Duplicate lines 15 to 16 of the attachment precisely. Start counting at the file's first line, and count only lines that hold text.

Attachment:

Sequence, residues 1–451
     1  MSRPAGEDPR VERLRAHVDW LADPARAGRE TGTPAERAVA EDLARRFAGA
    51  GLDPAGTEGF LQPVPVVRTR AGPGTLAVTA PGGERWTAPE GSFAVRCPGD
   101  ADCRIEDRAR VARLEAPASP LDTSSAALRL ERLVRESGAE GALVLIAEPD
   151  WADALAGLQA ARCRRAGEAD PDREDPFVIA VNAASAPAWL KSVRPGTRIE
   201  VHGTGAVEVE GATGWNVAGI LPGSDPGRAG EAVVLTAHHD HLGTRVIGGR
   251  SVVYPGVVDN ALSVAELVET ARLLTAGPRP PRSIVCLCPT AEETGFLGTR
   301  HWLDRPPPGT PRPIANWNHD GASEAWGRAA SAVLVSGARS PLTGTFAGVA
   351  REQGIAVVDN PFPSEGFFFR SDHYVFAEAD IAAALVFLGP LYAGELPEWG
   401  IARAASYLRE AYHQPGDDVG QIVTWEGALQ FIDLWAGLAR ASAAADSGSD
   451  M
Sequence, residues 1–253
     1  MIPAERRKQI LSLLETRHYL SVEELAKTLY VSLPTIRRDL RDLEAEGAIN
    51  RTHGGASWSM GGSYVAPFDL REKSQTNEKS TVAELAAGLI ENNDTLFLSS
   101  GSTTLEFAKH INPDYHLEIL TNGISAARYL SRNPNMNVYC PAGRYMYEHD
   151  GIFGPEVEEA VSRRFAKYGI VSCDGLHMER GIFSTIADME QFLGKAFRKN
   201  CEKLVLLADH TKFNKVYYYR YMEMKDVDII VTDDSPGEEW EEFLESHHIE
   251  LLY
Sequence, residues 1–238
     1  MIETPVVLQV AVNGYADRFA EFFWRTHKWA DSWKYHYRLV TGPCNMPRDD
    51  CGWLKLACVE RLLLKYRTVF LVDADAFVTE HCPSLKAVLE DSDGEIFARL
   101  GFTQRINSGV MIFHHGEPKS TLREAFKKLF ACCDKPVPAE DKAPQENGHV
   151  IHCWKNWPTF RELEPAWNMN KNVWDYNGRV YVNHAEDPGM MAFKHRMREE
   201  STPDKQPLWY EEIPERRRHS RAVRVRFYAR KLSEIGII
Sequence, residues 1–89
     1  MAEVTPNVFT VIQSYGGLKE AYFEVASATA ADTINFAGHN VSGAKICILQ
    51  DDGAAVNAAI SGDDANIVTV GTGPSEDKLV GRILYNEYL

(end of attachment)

   101  GSTTLEFAKH INPDYHLEIL TNGISAARYL SRNPNMNVYC PAGRYMYEHD
   151  GIFGPEVEEA VSRRFAKYGI VSCDGLHMER GIFSTIADME QFLGKAFRKN